Our showstopper was a numbers trick. I wish I could remember the exact trick but I’ve mostly forgotten. All I know is that when I went to reveal our prediction, my principal just looked up at us with complete disappointment.

“I’m sorry. That wasn’t my number.”

We were crushed.

Something had gone wrong with the trick. I had failed in front a hundred other students and embarassed myself. When they called the final acts, our names weren’t on the list.

When I got home, I shoved my props on the shelf and swore I hated magic. I told my dad I didn’t want to do any tricks ever again. When I calmed down and wiped the tears away, I went outside and shot some hoops to calm down.

Then I heard a voice. It was my dad saying I had a phone call.

I walked inside, said hello, and was surprised to hear my principal’s voice on the other end.

“Mark, I have an apology to make. I messed up your trick. When I got home from school I tried it again and realized I made a mistake. You were right and I don’t know how you did it!”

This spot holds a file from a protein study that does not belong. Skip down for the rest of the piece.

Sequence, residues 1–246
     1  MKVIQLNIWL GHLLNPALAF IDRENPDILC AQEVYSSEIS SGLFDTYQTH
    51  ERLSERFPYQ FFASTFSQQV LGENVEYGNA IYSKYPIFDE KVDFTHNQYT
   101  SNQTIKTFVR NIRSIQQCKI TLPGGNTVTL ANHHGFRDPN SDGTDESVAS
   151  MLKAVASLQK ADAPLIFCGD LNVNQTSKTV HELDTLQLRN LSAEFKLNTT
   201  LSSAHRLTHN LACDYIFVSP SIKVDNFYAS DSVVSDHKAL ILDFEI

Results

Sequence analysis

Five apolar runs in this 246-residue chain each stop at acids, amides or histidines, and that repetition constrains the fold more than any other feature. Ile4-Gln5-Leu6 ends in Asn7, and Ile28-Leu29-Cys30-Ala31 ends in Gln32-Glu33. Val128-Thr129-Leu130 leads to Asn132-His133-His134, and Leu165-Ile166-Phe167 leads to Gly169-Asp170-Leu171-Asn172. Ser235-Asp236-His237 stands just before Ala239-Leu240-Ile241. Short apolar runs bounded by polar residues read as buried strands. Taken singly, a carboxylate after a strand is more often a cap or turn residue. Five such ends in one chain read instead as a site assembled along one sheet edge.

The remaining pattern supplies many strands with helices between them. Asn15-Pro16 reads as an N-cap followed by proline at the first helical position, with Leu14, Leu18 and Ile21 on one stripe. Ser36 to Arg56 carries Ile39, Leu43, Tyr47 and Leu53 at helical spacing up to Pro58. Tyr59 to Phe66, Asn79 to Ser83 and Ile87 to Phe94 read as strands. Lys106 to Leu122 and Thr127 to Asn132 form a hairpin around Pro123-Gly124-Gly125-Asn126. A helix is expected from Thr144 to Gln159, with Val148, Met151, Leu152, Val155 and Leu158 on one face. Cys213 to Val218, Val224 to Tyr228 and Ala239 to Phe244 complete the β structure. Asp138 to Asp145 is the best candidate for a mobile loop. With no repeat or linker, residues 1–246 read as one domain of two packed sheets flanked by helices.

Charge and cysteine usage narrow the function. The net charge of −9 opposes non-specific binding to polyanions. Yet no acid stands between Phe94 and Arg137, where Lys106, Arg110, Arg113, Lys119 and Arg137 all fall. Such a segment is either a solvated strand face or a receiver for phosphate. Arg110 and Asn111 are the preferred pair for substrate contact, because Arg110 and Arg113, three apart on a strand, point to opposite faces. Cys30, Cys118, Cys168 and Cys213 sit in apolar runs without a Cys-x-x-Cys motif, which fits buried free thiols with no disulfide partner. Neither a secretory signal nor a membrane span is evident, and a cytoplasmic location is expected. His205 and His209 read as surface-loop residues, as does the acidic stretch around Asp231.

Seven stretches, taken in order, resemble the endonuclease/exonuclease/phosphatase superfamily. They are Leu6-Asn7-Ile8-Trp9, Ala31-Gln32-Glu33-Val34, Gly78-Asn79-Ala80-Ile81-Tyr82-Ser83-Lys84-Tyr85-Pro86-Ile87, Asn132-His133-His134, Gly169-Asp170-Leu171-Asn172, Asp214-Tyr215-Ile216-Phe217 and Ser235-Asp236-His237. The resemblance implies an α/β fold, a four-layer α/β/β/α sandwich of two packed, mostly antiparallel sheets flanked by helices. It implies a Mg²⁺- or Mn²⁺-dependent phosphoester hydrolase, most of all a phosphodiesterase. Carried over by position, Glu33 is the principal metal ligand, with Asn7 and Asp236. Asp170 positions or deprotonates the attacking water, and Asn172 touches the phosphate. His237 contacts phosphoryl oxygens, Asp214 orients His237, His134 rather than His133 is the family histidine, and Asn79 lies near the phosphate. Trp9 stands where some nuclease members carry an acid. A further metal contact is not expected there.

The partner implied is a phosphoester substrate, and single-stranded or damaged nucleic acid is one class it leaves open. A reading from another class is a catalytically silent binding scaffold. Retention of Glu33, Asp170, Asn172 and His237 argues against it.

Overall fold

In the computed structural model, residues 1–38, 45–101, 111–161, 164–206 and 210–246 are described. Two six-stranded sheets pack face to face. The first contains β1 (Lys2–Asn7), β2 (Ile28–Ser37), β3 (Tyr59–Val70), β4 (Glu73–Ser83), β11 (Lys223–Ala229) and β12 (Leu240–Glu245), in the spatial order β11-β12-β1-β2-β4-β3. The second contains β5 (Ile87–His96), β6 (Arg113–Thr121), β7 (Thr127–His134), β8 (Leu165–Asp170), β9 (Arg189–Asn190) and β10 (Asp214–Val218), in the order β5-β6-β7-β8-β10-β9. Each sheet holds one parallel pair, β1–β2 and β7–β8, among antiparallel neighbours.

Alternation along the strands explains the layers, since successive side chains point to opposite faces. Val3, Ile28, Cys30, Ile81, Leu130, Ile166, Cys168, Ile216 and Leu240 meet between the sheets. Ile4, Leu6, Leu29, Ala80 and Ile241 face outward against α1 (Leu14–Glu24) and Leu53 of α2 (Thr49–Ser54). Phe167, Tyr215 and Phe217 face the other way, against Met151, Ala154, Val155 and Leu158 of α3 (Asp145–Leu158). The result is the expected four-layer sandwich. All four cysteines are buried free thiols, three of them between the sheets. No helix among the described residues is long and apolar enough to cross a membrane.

I didn’t know what to say.

“We want you and Tim to be in the talent show. Can you guys do that?”

Of course I said yes, then hung up. I’m sure I screamed at the top of my lungs or something of the sort. All of our practice had paid off.

Not only did we get to be part of the talent show, but we actually ended up getting to be a featured act at the entrance of the school. As everyone entered for the show Tim and I were there in the lobby doing tricks for anyone who would watch. It was easily the greatest night of the first six years of my life.

If it wasn’t for my dad’s encouragement or my principal’s phone call, I might not be writing this essay. You might not be reading this post. And I might not be a professional mind reader.

Some of life’s lessons are intuitive, some are learned, and some are just downright lucky. I’m not sure where this one falls, but what I do know is that it’s impossible to fail if you never quit.

Mark and Tim's Magic Show.jpg